*calculated using one of two models, then take the sum for all carcinogens in the assessment
**linear low dose: CR = CDI * SF
***based on linearized multistage model assuming multiple stages for cancer
***good for low intake levels
**one-hit model: CR = 1 - exp(-CDI*SF)
***assumes single stage for cancer and that one molecular or radiation interaction induces malignant change
***good for high intake levels
**if risk is greater than 1 in 1 million, this is considered unacceptable
Non-carcinogenic risk effects
*hazard quotient
**HQ = E/RfD
**for each chemical
*hazard index
**HI = ΣHQi
**summation of the HQ for each chemical in the assessment
*if the hazard index is greater than 1, this indicates unacceptable risk
Population excess cancer burden
*to assess the population cancer burden associated with a chemical exposure problem:
**one can estimate the number of cancer cases due to an exposure source within a given community (cancer burden)
Bgi = Σ (Rgi * Pg)
***Bgi = excess cancer burden for a group
***Rgi = excess lifetime cancer risk for a group
***Pg = number of persons in exposed population group
Uncertainty and variablity
*variability--arises from true heterogeneity in characteristics such as
**dose-response differences
**differences within a population
**differences in exposure factors
**differences in exposure levels
*uncertainty--arises from lack of knowledge about factors
Types of variability
*spatial--across locations
**can be regional or local (i.e. fish intake)
*temporal--across time
*inter-receptor--amongst individual receptors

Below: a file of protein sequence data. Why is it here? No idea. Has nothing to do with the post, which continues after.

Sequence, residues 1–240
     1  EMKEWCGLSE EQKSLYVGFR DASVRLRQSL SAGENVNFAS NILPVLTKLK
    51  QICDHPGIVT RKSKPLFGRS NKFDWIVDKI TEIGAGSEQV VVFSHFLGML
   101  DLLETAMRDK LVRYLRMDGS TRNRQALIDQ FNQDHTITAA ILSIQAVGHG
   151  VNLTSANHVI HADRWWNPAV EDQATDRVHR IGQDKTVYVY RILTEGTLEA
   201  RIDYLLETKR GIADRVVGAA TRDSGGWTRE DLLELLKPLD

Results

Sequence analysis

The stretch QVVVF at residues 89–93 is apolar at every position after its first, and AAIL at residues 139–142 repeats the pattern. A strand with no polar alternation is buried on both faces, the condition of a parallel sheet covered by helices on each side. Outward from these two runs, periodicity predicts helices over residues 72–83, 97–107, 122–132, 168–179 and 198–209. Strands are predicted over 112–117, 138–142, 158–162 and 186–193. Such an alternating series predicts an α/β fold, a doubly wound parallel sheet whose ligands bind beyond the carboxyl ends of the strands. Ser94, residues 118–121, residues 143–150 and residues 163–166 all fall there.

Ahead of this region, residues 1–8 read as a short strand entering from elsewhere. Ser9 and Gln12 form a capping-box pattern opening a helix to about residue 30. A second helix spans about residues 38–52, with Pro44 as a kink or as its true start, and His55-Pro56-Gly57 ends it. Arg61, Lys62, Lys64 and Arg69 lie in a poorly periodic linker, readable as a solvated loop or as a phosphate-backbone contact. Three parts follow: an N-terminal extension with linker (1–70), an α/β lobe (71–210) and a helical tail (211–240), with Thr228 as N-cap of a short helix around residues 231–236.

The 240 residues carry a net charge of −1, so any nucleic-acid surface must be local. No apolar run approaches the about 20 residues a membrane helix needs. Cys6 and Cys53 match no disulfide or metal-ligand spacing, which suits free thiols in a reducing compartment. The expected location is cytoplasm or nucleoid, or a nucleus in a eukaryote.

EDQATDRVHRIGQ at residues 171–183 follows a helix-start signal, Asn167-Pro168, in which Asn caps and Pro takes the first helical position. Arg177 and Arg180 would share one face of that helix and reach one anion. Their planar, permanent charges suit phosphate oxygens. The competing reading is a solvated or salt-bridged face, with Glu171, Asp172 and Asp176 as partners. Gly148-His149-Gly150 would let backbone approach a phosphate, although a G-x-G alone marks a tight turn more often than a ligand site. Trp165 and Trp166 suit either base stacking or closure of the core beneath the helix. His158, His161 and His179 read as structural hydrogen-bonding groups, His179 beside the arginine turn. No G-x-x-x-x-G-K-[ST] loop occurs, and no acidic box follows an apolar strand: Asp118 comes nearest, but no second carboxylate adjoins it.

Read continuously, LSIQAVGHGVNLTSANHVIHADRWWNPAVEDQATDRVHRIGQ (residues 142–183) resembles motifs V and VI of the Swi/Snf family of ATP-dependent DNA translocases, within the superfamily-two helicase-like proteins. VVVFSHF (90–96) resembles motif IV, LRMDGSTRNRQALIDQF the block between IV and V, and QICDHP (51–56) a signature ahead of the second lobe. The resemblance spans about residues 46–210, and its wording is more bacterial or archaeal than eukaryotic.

**human characteristics and behaviors
Types and nature of uncertainty
*parameter values
**incomplete or biased data
*parameter modeling
**model inadequacy or representation of situation
*degree of completeness
**representativeness of evaluation scenarios
Sources of uncertainty in human health assessment
*health effects
**toxicity data
*measuring or calculating exposure point concentrations
*calculating exposure dose
Commonly encountered limitations
*toxicity extrapolations
*adjustments in dose-response evaluation
*toxicity of mixtures
*background exposures
*representativeness of sampling plan
Uncertainty and variability analysis
*uncertainty/sensitivity analysis
**involves identifying parameters that will make the most contribution to uncertainty
**estimating the most appropriate value using distributions and non-point estimates
**provides full spectrum of information
Qualitative analysis of uncertainties
*determination of the general quality and reasonableness of the risk management data, parameters, and results
*most important for screening and preliminary assessments
*can contain errors, incomplete analysis, limitations, bad assumptions
Quantitative analysis of uncertainties
*Monte Carlo simulations
**assign a probability distribution to input variables
**estimate risk using an iterative process to calculate risk by changing the input variables in the risk equation
**produces a risk distribution instead of a point estimate
Sensitivity analysis
*measures relative response of output variables caused by variations of the input variables and parameters
*purpose is to identify the influential input variables and to develop bonds on the model output
*more resources can be directed to reduce the uncertainty in the most sensitive parameter